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Miller v. State

United States District Court, W.D. Washington, Tacoma

June 11, 2019

TYLER G. MILLER, Plaintiff,
v.
STATE OF WASHINGTON, Defendant.

          ORDER ON DEFENDANT'S MOTION TO DISMISS AND PLAINTIFF'S MOTION TO AMEND

          Robert J. Bryan United States District Judge.

         This matter comes before the Court on the State of Washington's Motion to Dismiss (Dkt. 9), the Plaintiff's Motion for Leave of the Court to File a Response to the State's Reply (Dkt. 15), and the Plaintiff's Motion to Amend Civil Complaint (Dkt. 10). The Court has considered the pleadings filed in support of and in opposition to the motions and the file herein.

         In this case, the Plaintiff seeks a declaration from the Court that RCW § 29A.56.300A, relating to the State's proposed alternative process of allocating its electoral votes for president, is unconstitutional. Dkt. 1. The State now moves to dismiss the Complaint for lack of subject matter jurisdiction pursuant to Fed.R.Civ.P. 12(b)(1) and because the State is immune from suit in federal court pursuant to the Eleventh Amendment to the U.S. Constitution. Dkt. 9. The Plaintiff moves to amend his complaint. Dkt. 10. For the reasons provided below, Plaintiff's Motion for Leave of the Court to File a Response to the State's Reply (Dkt. 15) should be granted, the State's motion to dismiss (Dkt. 9) should be granted, the Plaintiff's motion to amend (Dkt. 10) should be denied, and the case dismissed.

         I. FACTS AND PROCEDURAL HISTORY

         A. FACTS

         On July 26, 2009, Washington State joined the National Popular Vote Interstate Compact, with the adoption of RCW § 29A.56.300. Under this statute, Washington's electoral votes for president and vice president could be tied to the national popular vote. RCW § 29A.56.300. Parties do not dispute that the process described in RCW § 29A.56.300 has not been followed. RCW § 29A.56.300 provides that it “shall take effect when states cumulatively possessing a majority of the electoral votes have enacted this agreement in substantially the same form and the enactments by such states have taken effect in each state.” Id. Further, there are no allegations regarding when the process might be followed.

         On March 15, 2019, a bill was introduced in the Washington State Legislature to repeal RCW § 29A.56.300 and to withdraw from the interstate compact to elect the president by national popular vote, which is at issue here. 2019 Washington House Bill No. 2146, Washington Sixty-Sixth Legislature - 2019 Regular Session. The bill has been referred to committee. Id.

         B. PROCEDURAL HISTORY

         The Plaintiff filed his complaint on April 19, 2019, he alleges that RCW § 29A.56.300 “violates Article 1, § 10, cl. 3 of the Constitution by entering Washington into a compact agreement with other states that increases the political power of the member-states over non- member states.” Dkt. 1, at 3. He maintains that “[i]t proscribes a method of Elector selection which violates the rights citizens in both member and non-member states protected under Article 4, § 2, cl. 1 and Amendment 14, § 1.” Id.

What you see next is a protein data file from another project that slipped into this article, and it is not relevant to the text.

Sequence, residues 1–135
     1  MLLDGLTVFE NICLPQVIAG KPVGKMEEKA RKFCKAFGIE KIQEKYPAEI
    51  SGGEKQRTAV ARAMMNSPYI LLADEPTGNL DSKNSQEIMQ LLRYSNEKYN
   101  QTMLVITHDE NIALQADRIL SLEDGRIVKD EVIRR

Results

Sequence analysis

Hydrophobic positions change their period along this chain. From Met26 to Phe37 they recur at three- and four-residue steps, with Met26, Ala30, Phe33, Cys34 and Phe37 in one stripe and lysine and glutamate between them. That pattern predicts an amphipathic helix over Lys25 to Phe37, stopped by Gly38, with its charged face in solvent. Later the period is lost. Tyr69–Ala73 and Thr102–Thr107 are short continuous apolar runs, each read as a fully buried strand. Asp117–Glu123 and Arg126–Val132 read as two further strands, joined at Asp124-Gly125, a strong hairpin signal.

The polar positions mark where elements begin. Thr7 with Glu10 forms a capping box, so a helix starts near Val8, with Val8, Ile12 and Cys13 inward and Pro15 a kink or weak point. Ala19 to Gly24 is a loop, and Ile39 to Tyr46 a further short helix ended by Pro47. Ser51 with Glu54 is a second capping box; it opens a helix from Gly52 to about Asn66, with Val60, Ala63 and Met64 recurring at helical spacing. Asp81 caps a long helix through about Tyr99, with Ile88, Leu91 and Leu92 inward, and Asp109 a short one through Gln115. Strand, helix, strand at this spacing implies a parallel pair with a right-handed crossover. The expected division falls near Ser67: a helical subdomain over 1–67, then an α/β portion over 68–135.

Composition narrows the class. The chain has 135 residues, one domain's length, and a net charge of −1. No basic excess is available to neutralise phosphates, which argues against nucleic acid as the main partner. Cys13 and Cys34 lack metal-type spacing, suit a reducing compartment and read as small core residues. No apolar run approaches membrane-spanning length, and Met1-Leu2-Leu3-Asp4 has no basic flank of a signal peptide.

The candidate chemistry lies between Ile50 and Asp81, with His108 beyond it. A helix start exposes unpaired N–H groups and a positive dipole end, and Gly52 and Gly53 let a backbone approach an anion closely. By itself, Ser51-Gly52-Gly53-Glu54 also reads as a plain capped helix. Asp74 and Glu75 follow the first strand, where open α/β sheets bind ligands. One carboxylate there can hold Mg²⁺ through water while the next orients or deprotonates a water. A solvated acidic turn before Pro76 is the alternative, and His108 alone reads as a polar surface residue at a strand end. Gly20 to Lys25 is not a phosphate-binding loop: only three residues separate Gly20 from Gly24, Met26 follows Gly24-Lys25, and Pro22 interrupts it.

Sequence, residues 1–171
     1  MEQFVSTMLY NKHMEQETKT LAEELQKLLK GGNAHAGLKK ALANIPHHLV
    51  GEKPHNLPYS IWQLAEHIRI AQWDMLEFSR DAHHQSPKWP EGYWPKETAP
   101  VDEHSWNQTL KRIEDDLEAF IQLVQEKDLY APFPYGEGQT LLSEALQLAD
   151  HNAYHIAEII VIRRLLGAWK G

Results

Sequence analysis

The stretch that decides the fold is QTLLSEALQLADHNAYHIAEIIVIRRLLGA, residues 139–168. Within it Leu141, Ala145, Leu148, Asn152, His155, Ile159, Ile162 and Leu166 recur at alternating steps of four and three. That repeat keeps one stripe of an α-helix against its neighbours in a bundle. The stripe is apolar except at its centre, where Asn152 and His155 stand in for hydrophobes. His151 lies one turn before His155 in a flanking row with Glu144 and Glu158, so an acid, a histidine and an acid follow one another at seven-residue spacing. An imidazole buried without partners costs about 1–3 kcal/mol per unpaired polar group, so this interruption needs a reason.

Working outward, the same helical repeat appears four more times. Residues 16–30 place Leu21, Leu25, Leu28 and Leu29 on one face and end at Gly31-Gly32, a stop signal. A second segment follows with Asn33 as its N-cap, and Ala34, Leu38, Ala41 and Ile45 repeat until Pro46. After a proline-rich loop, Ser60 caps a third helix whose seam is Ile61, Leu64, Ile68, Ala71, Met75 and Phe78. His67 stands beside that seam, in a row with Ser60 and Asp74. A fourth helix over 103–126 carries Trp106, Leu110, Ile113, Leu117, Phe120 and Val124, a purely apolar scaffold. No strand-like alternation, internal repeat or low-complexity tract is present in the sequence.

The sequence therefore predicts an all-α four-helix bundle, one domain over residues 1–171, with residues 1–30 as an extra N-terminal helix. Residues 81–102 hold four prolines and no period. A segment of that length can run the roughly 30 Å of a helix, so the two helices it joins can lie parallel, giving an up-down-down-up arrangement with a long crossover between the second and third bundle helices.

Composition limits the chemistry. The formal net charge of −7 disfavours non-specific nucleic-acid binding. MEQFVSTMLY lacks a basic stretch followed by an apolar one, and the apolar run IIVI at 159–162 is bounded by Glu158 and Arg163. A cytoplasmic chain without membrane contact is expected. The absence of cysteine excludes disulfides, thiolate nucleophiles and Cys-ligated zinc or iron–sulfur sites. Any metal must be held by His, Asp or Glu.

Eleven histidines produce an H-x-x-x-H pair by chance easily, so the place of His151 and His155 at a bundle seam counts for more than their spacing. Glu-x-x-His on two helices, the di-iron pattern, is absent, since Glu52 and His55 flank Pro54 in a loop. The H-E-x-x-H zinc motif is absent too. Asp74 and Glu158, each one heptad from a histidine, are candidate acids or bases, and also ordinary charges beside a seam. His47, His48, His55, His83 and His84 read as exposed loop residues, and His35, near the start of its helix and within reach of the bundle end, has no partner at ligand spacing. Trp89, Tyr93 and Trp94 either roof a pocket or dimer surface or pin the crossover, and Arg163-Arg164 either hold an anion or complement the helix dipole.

In his proposed amended complaint, the Plaintiff additionally maintains that RCW § 29A.56.300 harms him because:

1) It requires that Mr. Miller have an elective franchise role in the selection of State Electors via a state-wide popular vote and then directs that the State disregard the results of that election, and Mr. Miller's vote, when actually appointing the Electors. 2) It grants the citizens of other States the right of suffrage in Washington State while granting no reciprocal suffrage to Mr. Miller or other Washington citizens. 3) It requires that the State give privilege to the votes of non-citizens over that of Mr. Miller and other Washington citizens in the appointment of the State's Presidential Electors. 4) It dilutes Mr. Miller's suffrage by expanding the body politic of the electorate beyond Washington State lines of sovereignty and jurisdiction, creating a Federal Voting Class that encroaches upon Federal authority. 5) It allows the laws of other States concerning, inter alia, elector qualifications to alter and control the laws of Washington State against the will and without the consent of the citizens of Washington State.

Dkt. 10-1, at 3-4. In addition to the constitutional provisions referenced above, the Plaintiff lists “Article 2, § 1, cl. 2, ” “Amendment 14 § 2, ” “28 U.S.C. 1331, 1343, 1357; and 42 U.S.C. 1983, 1985, and 1988” as being “at issue in this case.” Id.

         The Plaintiff seeks a declaration that RCW § 29A.56.300 is unconstitutional and that it “be struck from the Revised Code of Washington.” Dkt. 1 and 10-1.

         C. ...


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